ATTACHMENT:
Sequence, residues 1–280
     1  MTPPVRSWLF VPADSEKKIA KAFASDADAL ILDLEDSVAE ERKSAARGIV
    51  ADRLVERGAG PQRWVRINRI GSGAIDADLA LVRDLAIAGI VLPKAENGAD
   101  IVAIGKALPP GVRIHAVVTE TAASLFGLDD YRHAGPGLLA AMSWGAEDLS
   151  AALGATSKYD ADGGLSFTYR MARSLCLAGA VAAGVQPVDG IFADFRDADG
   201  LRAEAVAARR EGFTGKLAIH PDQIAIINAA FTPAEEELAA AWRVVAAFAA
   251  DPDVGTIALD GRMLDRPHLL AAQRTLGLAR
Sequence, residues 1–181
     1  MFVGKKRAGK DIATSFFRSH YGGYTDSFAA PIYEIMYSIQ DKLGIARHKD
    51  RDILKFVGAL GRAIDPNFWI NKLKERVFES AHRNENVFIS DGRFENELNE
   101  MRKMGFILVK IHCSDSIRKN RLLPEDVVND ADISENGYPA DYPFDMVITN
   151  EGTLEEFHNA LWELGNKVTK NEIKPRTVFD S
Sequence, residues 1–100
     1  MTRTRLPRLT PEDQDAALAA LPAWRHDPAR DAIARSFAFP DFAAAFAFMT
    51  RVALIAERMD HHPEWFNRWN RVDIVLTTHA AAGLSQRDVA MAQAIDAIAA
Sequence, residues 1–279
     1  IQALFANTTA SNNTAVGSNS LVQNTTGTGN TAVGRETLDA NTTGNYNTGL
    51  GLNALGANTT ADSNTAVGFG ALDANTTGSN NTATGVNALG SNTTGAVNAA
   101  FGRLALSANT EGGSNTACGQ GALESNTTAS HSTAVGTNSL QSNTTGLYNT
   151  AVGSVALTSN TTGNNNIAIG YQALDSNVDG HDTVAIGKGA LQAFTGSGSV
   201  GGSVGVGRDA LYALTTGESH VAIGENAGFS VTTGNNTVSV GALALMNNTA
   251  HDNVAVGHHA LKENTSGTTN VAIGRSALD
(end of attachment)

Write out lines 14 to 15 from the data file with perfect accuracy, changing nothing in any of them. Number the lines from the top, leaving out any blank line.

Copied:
     1  MTRTRLPRLT PEDQDAALAA LPAWRHDPAR DAIARSFAFP DFAAAFAFMT
    51  RVALIAERMD HHPEWFNRWN RVDIVLTTHA AAGLSQRDVA MAQAIDAIAA